Another bomb, conjured by Michael Cohen, exploded late Friday night: He said he had told Donald Trump of a phone call to the Kremlin asking for support from the Russian government in building a Trump Tower in Moscow a year ago 2016 was asked.
And Cohen also claims He spoke with Trump's lawyers and White House staff in 2017 while writing a misleading statement to Congress to cover up the truth about the Moscow project and Trump's involvement.
The two allegations were made late on Friday by Cohen's lawyers in a case prosecuted by Special Prosecutor Robert Müller. They were in a conviction record in which Cohen sought imprisonment in return for his cooperation with Mueller's investigation of Russian interference in the 201
Cohen told the US Senate and Senate intelligence committees last year that he had just informed Trump three times about the plan to build a 100-story skyscraper in the Russian capital. Cohen also said that his general inquiry into the Kremlin was not answered.
But Mueller's office said Cohen, a former manager of the Trump organization, repeatedly briefed Trump about the project and in January 2016 had a 20-minute phone call with an assistant to the Kremlin official, in which Cohen sought help from the Russian government in securing funding and land asked for the tower of Trump.
Cohen's attorneys added on Friday that Trump was informed by Cohen of this extraordinary request by the Kremlin while Trump ran for president.
Trump's lawyer Rudy Giuliani has distanced his client from the project and said Thursday that the proposal signed "a never-before-heard letter of intent" signed in October 2015. "It was set, they retired," said Giuliani.
"This was Cohen's deal," Giuliani said, saying that Trump had not talked directly to the Russians about the project.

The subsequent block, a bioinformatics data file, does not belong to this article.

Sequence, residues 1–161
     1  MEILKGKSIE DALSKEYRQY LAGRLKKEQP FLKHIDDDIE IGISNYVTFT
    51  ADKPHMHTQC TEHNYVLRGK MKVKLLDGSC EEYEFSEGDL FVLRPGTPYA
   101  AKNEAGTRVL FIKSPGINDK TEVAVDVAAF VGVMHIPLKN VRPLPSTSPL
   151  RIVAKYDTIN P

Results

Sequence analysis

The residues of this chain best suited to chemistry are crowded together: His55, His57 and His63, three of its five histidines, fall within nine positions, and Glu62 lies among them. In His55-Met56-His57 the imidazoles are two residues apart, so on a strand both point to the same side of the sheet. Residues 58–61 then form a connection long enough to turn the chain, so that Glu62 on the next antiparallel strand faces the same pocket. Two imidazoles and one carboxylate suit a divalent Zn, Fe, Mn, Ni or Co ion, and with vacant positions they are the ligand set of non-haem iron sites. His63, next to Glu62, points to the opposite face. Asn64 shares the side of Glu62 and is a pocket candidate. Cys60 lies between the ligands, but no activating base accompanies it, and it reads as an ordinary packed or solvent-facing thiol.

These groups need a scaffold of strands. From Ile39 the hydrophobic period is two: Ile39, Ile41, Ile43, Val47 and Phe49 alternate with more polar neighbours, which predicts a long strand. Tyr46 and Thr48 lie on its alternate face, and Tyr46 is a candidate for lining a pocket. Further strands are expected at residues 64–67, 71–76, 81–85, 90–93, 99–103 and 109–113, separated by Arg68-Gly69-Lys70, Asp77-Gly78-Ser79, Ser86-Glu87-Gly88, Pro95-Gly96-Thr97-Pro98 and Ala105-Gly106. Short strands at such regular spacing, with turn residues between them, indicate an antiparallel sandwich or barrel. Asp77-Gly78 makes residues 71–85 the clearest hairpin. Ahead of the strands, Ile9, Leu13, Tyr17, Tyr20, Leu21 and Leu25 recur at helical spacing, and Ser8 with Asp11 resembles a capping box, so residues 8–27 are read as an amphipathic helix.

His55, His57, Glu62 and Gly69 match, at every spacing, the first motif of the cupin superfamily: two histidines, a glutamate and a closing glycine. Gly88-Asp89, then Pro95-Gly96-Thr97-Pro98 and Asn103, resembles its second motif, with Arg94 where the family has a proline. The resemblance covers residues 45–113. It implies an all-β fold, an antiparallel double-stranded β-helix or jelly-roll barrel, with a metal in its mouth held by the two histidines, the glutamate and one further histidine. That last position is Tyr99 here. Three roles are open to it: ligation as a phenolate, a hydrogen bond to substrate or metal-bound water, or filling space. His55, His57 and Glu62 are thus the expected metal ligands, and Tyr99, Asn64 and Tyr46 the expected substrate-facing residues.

When news of the Moscow Trump Tower proposal became known in 2017, Cohen was summoned to the Capitol Hill to explain his role in this and other affairs of Russia. Cohen admitted in court that he had lied to lawmakers about the extent of his and Trump's involvement on Thursday.
Cohen told Congress that the Moscow Project was dead in January 2016 when it was still alive – including discussions about Trump and Cohen traveling to Russia – until June 2016.
Cohen lawyers said This misleading statement was prepared last summer, while Cohen Trump remained "in close and regular contact with White House staff and legal counsel."
The cover story arose when Cohen knew that Trump and his spokesmen were trying to "effectively end" the Moscow project in front of the Iowa factions in February 2016.
"At this time, Michael justified wrong summary of the case on the grounds that the Moscow project ultimately did not go on," wrote the lawyer.
The allegations were raised in a ruling against a federal judge in Manhattan. On Thursday, Cohen pleaded guilty to making false statements to Congress about the Moscow project. He is expected to be sentenced next week. He will also learn how much time he will spend behind bars for money and electoral fraud for his role in paying off two alleged Trump mistresses whom he found guilty in August.